Tuesday, May 17, 2022 | Shawwal 15, 1443 H
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Oman insurers fear wide-scale losses in Cyclone Shaheen’s wake

Major economic, industrial assets left largely unscathed, but damage to homes, businesses, farms and infrastructure is fairly extensive, according to provisional assessments

Muscat: Stark footage of the widespread damage left behind by Tropical Cyclone Shaheen as it barreled into Oman’s populous Batinah coast has got insurance companies fretting about the sizable hit that awaits them compensation claims start flooding in from today.


Video clippings and photographs of the devastation shared widely on social media on Monday point to extensive damage to, among other assets, residential buildings and homes, businesses and commercial establishments, retail stores, warehouses, farms, cars and trucks, electrical networks and road infrastructure.


“It is likely that the Capital Market Authority (CMA), which regulates the insurance sector, will convene a meeting on Tuesday of key stakeholders, including the Oman Insurance Association, to discuss a pathway for the speedy receipt, processing and disposal of insurance claims,” said an executive, who did not wish to be named. “As with the aftermath of previous cyclones, such as Gonu, Phet and Mekunu, we anticipate a tide of claims this time around as well, over the coming days, weeks and months.”



Torrential downpour


Shaheen, which was downgraded from a tropical cyclone into a tropical storm late on Sunday, slammed way into North and South Batinah governorates before midnight. With a massive girth spanning over 300 metres, Shaheen came ashore with winds gusting at between 35 and 50 knots, while unleashing a deluge a water across a wide swathe stretching from Barka in the south to Saham in the north. Overflowing wadis left entire neighbourboods inundated as floodwaters entered hundreds of homes, businesses and farms.


Suwaiq was briefly in the international spotlight on Sunday, having received an unprecedented 305.8mm of rain – the highest globally over a 24-hour period ending on Monday, October 4.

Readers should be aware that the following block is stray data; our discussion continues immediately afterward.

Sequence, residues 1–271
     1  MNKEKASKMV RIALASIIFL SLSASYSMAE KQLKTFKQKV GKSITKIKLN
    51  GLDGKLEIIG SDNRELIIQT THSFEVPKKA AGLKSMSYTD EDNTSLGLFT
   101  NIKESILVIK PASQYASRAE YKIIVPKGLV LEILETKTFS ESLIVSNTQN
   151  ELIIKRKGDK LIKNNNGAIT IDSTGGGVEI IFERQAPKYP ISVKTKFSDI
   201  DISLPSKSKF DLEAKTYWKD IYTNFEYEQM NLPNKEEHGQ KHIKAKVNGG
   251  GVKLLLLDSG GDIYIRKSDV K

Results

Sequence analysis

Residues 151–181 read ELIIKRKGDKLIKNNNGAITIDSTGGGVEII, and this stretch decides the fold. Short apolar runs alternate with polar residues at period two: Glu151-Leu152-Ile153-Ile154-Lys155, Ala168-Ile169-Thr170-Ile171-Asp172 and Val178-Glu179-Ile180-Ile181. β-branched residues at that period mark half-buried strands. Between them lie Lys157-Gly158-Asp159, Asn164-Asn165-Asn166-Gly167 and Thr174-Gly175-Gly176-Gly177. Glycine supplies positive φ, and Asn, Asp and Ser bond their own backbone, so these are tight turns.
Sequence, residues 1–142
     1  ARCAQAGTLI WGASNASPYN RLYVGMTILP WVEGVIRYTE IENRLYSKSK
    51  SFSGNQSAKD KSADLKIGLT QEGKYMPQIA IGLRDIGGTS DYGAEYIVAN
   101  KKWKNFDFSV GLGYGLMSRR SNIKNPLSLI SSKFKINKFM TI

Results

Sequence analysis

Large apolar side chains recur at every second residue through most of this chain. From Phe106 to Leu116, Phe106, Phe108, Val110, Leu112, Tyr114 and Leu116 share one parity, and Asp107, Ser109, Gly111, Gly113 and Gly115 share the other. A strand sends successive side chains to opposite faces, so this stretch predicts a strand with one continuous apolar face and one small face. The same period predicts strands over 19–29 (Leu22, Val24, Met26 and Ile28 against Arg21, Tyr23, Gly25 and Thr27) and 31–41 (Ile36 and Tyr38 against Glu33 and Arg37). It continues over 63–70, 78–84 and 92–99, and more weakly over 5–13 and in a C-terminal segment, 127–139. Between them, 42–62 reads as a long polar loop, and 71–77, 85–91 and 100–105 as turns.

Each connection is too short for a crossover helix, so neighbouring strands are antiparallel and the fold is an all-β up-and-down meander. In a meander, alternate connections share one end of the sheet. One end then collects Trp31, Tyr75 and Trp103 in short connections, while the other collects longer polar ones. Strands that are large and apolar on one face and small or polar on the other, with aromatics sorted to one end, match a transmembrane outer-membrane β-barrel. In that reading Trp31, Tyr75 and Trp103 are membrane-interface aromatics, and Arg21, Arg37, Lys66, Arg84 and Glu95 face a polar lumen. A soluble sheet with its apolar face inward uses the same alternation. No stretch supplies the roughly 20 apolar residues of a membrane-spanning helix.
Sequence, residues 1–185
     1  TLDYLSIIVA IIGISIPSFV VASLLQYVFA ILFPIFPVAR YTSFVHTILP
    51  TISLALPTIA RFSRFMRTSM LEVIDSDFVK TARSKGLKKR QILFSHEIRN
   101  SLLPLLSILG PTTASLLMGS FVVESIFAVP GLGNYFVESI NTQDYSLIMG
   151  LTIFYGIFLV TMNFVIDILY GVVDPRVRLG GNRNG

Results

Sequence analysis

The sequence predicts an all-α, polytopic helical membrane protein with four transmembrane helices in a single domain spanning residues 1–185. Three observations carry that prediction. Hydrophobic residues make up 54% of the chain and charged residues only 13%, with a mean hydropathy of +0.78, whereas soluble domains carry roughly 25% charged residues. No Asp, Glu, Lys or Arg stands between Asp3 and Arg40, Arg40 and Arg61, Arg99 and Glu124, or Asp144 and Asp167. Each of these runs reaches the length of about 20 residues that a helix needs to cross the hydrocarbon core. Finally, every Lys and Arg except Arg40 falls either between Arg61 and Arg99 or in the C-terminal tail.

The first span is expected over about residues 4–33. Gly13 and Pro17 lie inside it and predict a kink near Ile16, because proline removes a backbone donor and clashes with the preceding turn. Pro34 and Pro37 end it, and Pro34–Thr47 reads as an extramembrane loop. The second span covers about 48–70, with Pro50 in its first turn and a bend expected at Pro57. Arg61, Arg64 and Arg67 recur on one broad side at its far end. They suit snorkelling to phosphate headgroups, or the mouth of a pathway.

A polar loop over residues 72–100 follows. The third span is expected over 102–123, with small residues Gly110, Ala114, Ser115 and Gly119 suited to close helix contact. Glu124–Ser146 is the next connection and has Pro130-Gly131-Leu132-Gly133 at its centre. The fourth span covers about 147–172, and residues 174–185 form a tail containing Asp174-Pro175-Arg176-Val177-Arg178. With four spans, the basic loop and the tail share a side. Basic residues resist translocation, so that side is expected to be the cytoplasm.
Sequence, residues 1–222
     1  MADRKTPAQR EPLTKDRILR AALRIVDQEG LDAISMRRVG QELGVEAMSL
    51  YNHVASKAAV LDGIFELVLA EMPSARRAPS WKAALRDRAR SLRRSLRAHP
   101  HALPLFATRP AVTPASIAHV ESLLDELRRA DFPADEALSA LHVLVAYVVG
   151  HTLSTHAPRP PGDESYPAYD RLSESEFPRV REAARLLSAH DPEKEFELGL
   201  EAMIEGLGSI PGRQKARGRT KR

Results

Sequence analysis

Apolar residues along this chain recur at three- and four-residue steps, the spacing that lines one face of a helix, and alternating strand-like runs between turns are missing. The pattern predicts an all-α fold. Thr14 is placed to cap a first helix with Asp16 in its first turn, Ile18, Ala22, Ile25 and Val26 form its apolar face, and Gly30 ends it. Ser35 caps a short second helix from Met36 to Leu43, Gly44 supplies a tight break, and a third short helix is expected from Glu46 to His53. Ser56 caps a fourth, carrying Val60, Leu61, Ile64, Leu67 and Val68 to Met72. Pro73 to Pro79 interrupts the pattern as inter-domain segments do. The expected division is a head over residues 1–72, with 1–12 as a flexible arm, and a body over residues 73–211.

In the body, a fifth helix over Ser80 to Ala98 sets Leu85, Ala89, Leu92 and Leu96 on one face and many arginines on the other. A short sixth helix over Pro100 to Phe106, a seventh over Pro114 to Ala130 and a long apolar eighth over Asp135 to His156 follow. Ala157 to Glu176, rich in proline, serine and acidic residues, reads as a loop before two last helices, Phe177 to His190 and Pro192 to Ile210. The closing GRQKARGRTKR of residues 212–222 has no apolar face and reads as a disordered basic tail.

Citing footage circulating on social media, an insurance industry executive warned that motorcars alone, left submerged fully or partially in Shaheen’s wake, would number in the “thousands” across the cyclone impacted areas of the country.


“Considering that many car owners would have been at home with their vehicles parked nearby, it’s quite likely that great numbers of these vehicles would have suffered some or complete flood damage. Also, given that large parts of North and South Batinah are essentially flat, with few, if any elevated areas for safe parking, many car-owners would have had no options but to leave their cars where they were,” the market expert noted.


While owners with comprehensive insurance coverage will receive full compensation for their flood damaged cars, it is not a certainty for those with third-party coverage, according to the executive.


“Last year, large numbers of car owners switched their insurance coverage from comprehensive to third-party, partly because of financial constraints stemming from the pandemic and the wider economic slump. While coverage against storms-tempests-fires (STF) is broadly included in motor insurance, it will still depend on a number of factors, such as the age of the vehicle, and so on, when considering claims from third-party customers.”


Multitude of small claims


Several insurers contacted by the Observer said they were bracing for a “multitude of small claims”, which could cumulatively deliver a substantial hit for exposed companies.


“While there is some relief that large industrial or economic projects, such as a port or refinery complex, for example, have been largely left unscathed, we expect a tide of small-size claims. Given the extensive flooding seen on social media, many insured businesses, motels, hotels, resorts and so on, will have suffered a degree of water seepage, damage to their electrical assets, or loss of their fleets, and so on. These could potentially add up to sizable amounts,” a representative of a leading insurance firm noted.


Of particular concern for insurers will be claims from factories, industrial units, warehouses, and electrical networks, among other commercial properties, that may have suffered a degree of flood damage. Such claims could each run into potentially hundreds of thousands of Omani riyals or even a few million riyals, one official warned.


From the economic standpoint, there are concerns that overall damage – insured and uninsured – to private property, commercial businesses, electrical and water utilities, agricultural farms and road infrastructure – will surpass that of Supercyclone Gonu that pummeled the Sultanate in 2007. Gonu was the first major weather related catastrophe to hit Oman in modern time, claiming around 50 lives and leaving behind devastation estimated at over $4 billion. Cyclone Phet, which struck the east coast of the Sultanate in 2010, caused damage worth


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